Violence on TV is Not to Blame


In the light of recent acts of violence, many have hypothesized that the brutality in television and Video Games is at fault. That being said vulgarity should be left out of those mediums. However, a simple look at this issue can provide a real answer for why the rate of mass violence has been increasing.

After the shooting at Newtown, Media coverage was exhausting. The killer, Adam Lanza, was put on headlines everywhere. The masses were obsessed with finding Lanza’s motives, his story, even pictures. It seemed that they wanted a villain to hate on, rather than victims to remember. By glorifying the killer they made him famous. The media is sending a dangerous message; if one commits a terrible mass crime, they will be remembered forever. This only causes further harm and brings up an interesting predicament for the news networks and the media. Media! Stop over reporting on violence and help prevent further crimes, or continue to over report and encourage the crazy. A combined 24 million people watched the evening news the week of the Newtown shooting, compared with 16 million the week before and 19 million the week after.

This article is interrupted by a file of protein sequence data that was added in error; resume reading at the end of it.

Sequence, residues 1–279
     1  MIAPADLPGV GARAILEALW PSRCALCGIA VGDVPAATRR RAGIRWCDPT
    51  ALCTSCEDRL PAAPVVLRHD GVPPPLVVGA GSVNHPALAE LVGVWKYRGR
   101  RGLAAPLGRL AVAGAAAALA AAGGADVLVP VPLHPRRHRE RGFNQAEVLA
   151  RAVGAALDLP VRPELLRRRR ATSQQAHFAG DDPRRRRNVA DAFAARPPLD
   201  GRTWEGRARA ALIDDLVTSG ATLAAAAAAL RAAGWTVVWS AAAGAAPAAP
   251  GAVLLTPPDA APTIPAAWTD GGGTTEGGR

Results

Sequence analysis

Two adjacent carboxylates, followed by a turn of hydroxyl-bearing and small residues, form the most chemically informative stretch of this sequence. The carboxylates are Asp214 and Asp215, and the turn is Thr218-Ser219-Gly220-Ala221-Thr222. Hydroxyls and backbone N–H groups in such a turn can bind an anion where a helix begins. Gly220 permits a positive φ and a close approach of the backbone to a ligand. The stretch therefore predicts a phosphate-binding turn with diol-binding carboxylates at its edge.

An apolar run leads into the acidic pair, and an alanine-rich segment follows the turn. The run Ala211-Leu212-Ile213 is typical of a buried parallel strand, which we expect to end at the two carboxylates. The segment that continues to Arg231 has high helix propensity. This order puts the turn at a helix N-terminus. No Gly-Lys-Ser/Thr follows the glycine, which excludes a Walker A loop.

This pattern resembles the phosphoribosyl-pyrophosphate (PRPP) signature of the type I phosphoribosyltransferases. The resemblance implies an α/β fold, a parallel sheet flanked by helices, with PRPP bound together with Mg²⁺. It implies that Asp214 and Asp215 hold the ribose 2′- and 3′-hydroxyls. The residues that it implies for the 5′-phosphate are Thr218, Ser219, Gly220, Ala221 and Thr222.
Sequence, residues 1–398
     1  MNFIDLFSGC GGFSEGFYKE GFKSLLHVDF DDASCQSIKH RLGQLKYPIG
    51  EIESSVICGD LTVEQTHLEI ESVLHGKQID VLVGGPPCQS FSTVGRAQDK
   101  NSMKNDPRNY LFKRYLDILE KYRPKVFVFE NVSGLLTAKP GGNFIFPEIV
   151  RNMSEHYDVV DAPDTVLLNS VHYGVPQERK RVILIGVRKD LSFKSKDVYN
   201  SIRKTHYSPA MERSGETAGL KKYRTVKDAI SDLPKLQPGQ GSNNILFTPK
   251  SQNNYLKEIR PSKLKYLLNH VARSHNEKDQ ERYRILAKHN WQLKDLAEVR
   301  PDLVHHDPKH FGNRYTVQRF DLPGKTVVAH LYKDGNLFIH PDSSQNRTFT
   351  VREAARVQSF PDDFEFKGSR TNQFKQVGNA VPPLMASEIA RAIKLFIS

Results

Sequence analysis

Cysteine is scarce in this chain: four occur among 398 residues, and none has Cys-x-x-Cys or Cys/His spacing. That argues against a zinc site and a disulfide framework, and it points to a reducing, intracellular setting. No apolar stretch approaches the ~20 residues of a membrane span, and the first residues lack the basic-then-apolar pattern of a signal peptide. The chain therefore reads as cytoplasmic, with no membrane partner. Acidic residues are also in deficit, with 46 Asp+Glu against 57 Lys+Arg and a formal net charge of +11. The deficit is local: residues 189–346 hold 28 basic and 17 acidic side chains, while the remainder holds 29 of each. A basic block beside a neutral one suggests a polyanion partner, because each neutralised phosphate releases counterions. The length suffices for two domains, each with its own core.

The drive for higher ratings has led to violence in entertainment being the scapegoat of what is really partly the fault of the news networks. Violence in entertainment is not to blame, since it has been around since Ancient Rome, with gladiator fights, and can be seen every day on TV. Other factors, including over reporting and mental illness are at fault, not video games and violence on TV.